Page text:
Transcribed from volume I of Kansas: a cyclopedia of state history, embracing events, institutions, industries, counties, cities, towns, prominent persons, etc. ... / with a supplementary volume devoted to selected personal history and reminiscence. Standard Pub. Co. Chicago : 1912. 3 v. in 4. : front., ill., ports.; 28 cm. Vols. I-II edited by Frank W. Blackmar. Transcribed May 2002 by Carolyn Ward.


Art Association, State.—When the Topeka public library building was completed in April, 1883, rooms were fitted up in it for the use of an art gallery and school. On Nov. 1, 1883, a letter was sent out by a committee consisting of George W. Glick, A. H. Horton, A. S. Johnson, John Martin, G. F. Parmelee, J. R. Mulvane, J. F. Scott, Frank Drummond, Robert Price and Edward Wilder, suggesting Nov. 8, when the Social Science club was to meet, as a suitable occasion to organize an art association. The letter also contained the announcement that a donation of $1,000 had been given by "one interested in art and progress," to further the work.

The proposition met with favor, and on Nov. 9, 1883, the Art Association was incorporated with 72 charter members. The articles of association declared the objects to be: 1. The formation of a permanent art collection at the capital, to be open to all visitors; 2. To hold an annual competitive exhibition for Kansas artists. 3. The establishment of an art school. Edward Wilder was elected president, and G. F. Parmelee, secretary. The association was governed by a board of 24 directors. The first art loan exhibition opened in the rooms in the library on March 16, 1885, when a large number of oil paintings, water colors, engravings, drawings in black and white, ceramics, embroidery, curios, etc., were thrown open to the public.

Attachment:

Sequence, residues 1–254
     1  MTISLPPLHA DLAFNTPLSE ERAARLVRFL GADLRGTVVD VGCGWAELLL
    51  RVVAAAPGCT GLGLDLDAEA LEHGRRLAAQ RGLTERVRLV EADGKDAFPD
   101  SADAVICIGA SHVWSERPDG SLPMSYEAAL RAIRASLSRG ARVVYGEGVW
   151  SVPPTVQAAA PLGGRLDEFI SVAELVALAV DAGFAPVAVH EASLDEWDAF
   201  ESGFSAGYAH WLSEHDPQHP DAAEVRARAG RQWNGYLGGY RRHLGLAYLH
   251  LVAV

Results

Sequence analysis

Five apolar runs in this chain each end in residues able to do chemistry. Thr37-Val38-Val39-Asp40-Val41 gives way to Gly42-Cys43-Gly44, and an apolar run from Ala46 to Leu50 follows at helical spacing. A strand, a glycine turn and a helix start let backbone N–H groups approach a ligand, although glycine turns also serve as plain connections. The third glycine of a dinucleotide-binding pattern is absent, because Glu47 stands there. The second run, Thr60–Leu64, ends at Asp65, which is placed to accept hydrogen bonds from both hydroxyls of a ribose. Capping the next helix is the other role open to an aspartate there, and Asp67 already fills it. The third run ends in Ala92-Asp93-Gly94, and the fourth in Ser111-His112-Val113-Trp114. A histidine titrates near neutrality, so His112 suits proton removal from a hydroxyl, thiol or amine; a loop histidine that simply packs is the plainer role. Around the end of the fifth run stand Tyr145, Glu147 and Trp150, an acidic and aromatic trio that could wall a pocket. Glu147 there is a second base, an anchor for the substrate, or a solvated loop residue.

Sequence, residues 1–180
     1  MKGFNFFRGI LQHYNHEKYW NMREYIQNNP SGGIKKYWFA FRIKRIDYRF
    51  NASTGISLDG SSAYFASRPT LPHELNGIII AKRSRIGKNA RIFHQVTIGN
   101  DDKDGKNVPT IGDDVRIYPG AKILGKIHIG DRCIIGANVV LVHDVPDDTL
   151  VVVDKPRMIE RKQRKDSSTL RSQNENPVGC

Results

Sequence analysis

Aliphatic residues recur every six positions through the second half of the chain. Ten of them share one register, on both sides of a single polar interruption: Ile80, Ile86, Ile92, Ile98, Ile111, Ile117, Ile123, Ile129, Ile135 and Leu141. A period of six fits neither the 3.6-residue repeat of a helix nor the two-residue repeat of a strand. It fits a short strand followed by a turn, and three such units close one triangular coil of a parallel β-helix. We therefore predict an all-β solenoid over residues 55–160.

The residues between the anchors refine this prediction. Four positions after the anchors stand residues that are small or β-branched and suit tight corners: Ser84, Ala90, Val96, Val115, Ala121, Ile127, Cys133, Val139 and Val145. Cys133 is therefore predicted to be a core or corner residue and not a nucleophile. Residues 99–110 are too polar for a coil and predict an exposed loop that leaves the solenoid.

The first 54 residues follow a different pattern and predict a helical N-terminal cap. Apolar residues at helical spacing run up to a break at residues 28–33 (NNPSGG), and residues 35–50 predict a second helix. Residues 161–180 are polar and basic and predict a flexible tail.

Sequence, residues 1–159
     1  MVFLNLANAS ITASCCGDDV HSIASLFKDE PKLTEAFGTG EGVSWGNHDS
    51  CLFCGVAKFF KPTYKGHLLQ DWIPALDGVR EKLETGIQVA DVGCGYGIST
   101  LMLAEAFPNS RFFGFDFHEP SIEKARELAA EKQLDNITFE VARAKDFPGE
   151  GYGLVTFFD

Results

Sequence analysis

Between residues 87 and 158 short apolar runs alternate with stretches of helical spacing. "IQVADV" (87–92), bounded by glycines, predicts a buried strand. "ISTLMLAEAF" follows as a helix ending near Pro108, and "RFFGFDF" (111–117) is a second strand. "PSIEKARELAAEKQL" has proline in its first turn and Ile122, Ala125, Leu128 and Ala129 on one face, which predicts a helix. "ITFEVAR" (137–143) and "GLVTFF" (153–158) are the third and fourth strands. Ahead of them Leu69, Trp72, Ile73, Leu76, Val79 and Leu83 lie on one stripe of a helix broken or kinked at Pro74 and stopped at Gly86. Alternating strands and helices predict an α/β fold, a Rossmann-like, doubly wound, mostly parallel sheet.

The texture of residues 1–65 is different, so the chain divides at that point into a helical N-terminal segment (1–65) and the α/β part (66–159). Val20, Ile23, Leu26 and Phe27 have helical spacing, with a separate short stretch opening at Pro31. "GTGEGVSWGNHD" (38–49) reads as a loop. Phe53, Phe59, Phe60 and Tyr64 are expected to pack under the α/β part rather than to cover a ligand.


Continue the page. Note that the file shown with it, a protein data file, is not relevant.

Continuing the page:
On Sept. 13, 1886, the first session of the art school was opened, under the direction of George E. Hopkins, formerly in charge of the Cincinnati School of Design. At his suggestion the association imported a number of casts of famous art statues, historic figures, etc. For a time the school was conducted with comparative success. Then interest began to wane, some of the members of the association died or moved away, others neglected to pay their annual membership fees, and the association finally lapsed into a state of inactivity altogether. The collection, or at least the most of it, is still on exhibition in the library building at Topeka.

Page 104 from volume I of Kansas: a cyclopedia of state history, embracing events, institutions, industries, counties, cities, towns, prominent persons, etc. ... / with a supplementary volume devoted to selected personal history and reminiscence. Standard Pub. Co. Chicago : 1912. 3 v. in 4. : front., ill., ports.; 28 cm. Vols. I-II edited by Frank W. Blackmar. Transcribed May 2002 by Carolyn Ward.

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VOLUME I

TITLE PAGE / LIST OF ILLUSTRATIONS
INTRODUCTION

A | B | C | D | E | F | G | H | I

VOLUME II

TITLE PAGE / LIST OF ILLUSTRATIONS

J | K | L | Mc | M | N | O | P | Q | R | S | T | U | V | W | X | Y | Z

VOLUME III

BIOGRAPHICAL INDEXES


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